Mixed in between grungy and disgruntled homeless people on Market St. last night, St. Vincent and David Bryne played to a rapt crowd at the Orpheum Theatre. As a plush theatre intended for musicals and plays rather than concerts, the venue was a huge hindrance. Adoring fans so energized by the show had to take to the aisles or dance between chairs with the short awkward movements of David Bryne. I can just imagine the delighted chaos that would have ensued at a venue like the Fillmore or The Independent.
Going into this as a big fan of St. Vincent, a staple of my vinyl collection, I was very surprised and disappointed to find the live show confused itself with a performance art exhibit. I appreciate what they were attempting with staging, moving the instrumental band members around in various choreographed dances with modern styling. Unfortunately, the effort proved more distracting than engaging: they are musicians, not modern dancers.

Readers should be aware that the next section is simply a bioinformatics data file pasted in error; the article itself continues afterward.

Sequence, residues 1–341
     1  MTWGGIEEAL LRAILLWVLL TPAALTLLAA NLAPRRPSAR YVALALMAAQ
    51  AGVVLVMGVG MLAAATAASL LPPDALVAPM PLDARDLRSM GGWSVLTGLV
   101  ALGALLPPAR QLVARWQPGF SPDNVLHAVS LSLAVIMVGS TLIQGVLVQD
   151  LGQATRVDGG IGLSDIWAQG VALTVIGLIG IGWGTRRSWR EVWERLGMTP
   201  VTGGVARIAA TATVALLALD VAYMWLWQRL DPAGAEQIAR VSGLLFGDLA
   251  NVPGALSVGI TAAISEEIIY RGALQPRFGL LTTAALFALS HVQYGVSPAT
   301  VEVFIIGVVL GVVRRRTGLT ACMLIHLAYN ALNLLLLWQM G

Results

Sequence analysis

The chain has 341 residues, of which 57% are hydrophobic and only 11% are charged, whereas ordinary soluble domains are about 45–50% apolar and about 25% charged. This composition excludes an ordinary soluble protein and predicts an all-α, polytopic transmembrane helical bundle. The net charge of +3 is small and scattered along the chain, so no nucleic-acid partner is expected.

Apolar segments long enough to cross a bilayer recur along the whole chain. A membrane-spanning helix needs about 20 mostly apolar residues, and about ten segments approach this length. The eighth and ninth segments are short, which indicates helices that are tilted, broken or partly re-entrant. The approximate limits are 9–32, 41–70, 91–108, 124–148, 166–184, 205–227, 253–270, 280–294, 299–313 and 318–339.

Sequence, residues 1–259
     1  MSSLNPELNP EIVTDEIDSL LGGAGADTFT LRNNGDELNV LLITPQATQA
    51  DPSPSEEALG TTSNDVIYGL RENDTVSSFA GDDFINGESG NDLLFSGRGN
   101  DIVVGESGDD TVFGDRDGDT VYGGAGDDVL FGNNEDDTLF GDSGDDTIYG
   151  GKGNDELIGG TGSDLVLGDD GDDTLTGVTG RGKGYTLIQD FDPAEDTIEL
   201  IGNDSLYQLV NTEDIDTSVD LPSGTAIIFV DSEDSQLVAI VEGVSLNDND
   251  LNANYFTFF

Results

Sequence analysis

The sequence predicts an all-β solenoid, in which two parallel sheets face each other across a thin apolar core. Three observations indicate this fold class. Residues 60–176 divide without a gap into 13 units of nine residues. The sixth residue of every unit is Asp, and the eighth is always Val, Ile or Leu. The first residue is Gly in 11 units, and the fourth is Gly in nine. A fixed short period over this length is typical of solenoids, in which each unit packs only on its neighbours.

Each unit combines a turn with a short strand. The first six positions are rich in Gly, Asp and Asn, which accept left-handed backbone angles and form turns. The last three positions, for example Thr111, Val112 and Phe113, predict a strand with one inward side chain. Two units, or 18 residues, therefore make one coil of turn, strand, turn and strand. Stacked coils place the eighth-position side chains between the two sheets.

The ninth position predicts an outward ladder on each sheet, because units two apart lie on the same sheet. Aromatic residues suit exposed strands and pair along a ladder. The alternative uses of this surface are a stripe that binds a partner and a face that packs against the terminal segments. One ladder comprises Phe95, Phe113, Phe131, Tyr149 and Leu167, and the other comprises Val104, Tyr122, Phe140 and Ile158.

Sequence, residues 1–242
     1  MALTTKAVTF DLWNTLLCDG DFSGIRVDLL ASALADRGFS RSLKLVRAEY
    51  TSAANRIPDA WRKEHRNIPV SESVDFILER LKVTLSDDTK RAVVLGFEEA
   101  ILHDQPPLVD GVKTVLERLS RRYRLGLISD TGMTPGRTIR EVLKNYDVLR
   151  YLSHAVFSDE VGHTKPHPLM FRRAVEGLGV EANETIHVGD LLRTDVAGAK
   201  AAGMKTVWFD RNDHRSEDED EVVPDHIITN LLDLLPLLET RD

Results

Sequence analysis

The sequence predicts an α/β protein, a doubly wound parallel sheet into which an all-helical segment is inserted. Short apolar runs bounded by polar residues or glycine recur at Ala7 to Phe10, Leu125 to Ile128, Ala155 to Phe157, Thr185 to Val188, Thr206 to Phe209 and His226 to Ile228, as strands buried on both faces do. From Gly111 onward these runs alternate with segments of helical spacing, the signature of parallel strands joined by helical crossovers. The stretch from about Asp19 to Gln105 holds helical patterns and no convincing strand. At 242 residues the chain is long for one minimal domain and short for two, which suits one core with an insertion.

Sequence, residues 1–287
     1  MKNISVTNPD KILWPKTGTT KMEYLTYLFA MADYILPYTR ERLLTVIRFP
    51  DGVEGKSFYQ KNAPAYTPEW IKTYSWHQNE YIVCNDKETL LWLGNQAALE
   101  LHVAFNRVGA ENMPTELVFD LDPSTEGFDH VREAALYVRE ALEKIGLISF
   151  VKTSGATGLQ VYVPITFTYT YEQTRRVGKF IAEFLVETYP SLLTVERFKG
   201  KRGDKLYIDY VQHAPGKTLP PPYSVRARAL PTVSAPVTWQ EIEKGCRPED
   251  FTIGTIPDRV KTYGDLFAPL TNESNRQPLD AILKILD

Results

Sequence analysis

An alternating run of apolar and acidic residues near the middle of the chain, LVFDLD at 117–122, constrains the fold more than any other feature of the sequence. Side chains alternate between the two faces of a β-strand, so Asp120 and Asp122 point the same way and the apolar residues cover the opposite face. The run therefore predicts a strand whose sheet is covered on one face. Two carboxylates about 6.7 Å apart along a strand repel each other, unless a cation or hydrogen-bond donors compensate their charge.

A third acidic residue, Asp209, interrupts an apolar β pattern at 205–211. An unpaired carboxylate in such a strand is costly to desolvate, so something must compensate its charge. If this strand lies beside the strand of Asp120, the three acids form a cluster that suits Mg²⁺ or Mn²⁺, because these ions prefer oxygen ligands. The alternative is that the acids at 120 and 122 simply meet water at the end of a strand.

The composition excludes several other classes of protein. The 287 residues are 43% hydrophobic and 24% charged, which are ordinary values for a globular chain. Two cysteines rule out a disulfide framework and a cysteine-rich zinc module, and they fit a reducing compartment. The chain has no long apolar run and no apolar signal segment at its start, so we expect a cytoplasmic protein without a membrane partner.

Thankfully Annie Clark, better known as St. Vincent, is a stunning performer. Every jerk was infused with purpose, drawing me in. Sadly, even her charisma couldn’t keep me from the distracting rotation of the musicians around her.
David Bryne has a commanding voice, but also an incredibly uncomfortable stage presence. He jerked and swayed with muscles held tightly in, completely wrapped up in the music. Juxtaposed with just Annie and it would have been a beautiful balance of on-stage personalities. With the addition of the dancing musicians, David was lost.
Personally, my admiration for performance artists does not extend far enough to encompass another live St. Vincent show. Thank goodness for the unfettered imagination of vinyl.